Learn tips and tricks to manage your dashboard and optimize your workflows in the new ResultsCRM 17.4, in this 20-minute Free Training Thursday webinar.
About Free Training Thursday: Since the start of 2017, we have been holding these free 20 minute trainings hosted by our industry-leading experts and innovators who will teach you about AbacusLaw, Amicus Attorney, ResultsCRM, OfficeTools, Abacus Private Cloud, and more. If you would like to request a topic, please email firstname.lastname@example.org.
Hello everyone and welcome to today's free training Thursday. I have Sam Saab with me here today and he will be taking us through managing the dashboard. In the all new results CRM. I will turn it over to Sam and ... Sam take it away.
Sounds great, thank you so much Amanda appreciate it. Thank you everyone for being on the call today, so what we're uh working from currently version 17.4.1 so let me cancel the screen here. So notice ... so you pretty much have already been notified, 17.4.1 was released actually yesterday, Wednesday the 25th. So, it's going to be available for download, it will also be available on APC. It... no major features in there but the dashboard specifically has a little bit of a different work flow than before. And we're going to see all of that today. So, when you log in to the system one of the new abilities or functions for new would be the dashboard. So right now I'm opening up the dashboard based on the design of the screens I already have in there.
So, first let me review with you is the overall idea behind the dashboard. The dashboard is geared toward showing you numbers and then presentation of images of the data that matters to you. So typically it could be your API's, it could be performance indicators, it could be specific counts of a certain thing. And you have different graphs to represent them, and you can represent different graph designs or types to represent data in, based on what's most applicable and you also have accessibility to all the data in all your modules in this design.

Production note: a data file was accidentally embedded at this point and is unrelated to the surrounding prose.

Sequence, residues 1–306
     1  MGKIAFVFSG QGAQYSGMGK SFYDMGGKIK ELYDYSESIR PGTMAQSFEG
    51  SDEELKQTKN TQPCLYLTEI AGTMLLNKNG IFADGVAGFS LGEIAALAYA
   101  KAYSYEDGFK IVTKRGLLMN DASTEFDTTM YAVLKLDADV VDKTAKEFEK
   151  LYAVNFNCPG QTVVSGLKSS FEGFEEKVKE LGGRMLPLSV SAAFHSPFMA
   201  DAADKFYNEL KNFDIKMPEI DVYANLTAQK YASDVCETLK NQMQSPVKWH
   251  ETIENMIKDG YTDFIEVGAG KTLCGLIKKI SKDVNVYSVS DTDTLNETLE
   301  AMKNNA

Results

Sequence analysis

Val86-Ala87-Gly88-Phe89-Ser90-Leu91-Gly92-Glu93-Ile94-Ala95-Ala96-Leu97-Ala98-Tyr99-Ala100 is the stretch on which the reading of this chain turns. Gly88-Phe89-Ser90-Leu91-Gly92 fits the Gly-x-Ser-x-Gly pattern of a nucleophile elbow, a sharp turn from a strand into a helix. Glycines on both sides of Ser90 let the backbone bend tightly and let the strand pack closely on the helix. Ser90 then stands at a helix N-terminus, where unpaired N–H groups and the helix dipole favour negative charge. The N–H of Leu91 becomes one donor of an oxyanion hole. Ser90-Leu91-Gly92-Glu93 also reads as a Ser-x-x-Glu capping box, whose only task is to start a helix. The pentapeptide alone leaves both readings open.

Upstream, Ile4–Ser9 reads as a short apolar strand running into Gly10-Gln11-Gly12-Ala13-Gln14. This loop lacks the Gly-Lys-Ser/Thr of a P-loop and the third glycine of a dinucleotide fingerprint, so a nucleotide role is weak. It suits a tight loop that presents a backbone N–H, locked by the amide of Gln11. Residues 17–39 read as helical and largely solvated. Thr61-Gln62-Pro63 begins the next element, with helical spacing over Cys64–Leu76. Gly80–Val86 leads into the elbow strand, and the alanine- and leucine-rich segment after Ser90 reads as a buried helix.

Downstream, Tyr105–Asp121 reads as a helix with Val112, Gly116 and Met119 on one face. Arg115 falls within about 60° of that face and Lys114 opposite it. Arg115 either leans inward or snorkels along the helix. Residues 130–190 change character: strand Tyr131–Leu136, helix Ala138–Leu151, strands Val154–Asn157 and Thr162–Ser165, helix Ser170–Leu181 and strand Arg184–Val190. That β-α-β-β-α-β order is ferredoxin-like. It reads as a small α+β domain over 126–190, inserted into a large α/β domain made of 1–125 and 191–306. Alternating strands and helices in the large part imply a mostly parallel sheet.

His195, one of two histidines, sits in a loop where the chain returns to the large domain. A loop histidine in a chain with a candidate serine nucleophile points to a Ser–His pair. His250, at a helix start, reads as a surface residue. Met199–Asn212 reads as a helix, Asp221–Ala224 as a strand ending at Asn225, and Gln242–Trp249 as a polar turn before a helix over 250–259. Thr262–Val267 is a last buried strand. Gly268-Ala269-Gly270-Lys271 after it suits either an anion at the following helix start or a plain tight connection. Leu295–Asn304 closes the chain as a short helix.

So let's go ahead and look at some examples of that right now. If you look at the three top screens within the dashboard, you'll see this is an example of a pie graph and you'll also have the bar graph and you'll also have the line graph. Typically, depending on what you're presenting, one might be more applicable or more appropriate verses the others. The other thing to note is that we did not take away the home page. The home page is also the ideal way of also seeing the API's. It's typically more applicable to things that are looking for exception, for example, we might put a name search or a filter that is based on, show me anything that is more than three days past due. Or, show me projects that are due in the next seven days. Or show me things that are more than seven days past due. So the idea there is you are able to look for those kind of challenges or exceptions, you're hoping that the counts on those would be zero, but if it's not zero, you double click all the ones you want records for in that packet.
The dashboard is more visual and more of an ability of drilling in and seeing the information itself. Now, in addition to the ability for seeing that data, you are also able to manipulate pie graphs, by further engaging and filtering in or out the data within the graphs. So in this case, I have built a graph that shows, using the pie graph design or type of graph, that you show the contact type summary within my database. If I put my cursor on any of those item, I'll be able to see that in this case there are ten records or in this case customers active, and if I go here there are 38 active vendors. So there's representation of the graph but then you can see the details behind the graph.